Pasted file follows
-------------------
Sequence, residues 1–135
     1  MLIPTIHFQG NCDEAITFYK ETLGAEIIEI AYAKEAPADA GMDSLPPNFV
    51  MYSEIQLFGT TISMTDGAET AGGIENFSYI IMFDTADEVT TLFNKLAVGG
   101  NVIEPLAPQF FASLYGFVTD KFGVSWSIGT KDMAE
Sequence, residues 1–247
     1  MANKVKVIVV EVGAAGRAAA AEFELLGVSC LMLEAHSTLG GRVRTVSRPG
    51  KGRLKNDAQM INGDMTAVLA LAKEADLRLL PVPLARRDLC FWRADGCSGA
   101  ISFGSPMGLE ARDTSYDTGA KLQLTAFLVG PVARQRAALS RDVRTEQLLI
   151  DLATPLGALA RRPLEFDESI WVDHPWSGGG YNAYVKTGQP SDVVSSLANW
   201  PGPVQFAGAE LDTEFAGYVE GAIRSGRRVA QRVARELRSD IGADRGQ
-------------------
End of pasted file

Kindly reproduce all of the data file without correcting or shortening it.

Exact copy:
Sequence, residues 1–135
     1  MLIPTIHFQG NCDEAITFYK ETLGAEIIEI AYAKEAPADA GMDSLPPNFV
    51  MYSEIQLFGT TISMTDGAET AGGIENFSYI IMFDTADEVT TLFNKLAVGG
   101  NVIEPLAPQF FASLYGFVTD KFGVSWSIGT KDMAE
Sequence, residues 1–247
     1  MANKVKVIVV EVGAAGRAAA AEFELLGVSC LMLEAHSTLG GRVRTVSRPG
    51  KGRLKNDAQM INGDMTAVLA LAKEADLRLL PVPLARRDLC FWRADGCSGA
   101  ISFGSPMGLE ARDTSYDTGA KLQLTAFLVG PVARQRAALS RDVRTEQLLI
   151  DLATPLGALA RRPLEFDESI WVDHPWSGGG YNAYVKTGQP SDVVSSLANW
   201  PGPVQFAGAE LDTEFAGYVE GAIRSGRRVA QRVARELRSD IGADRGQ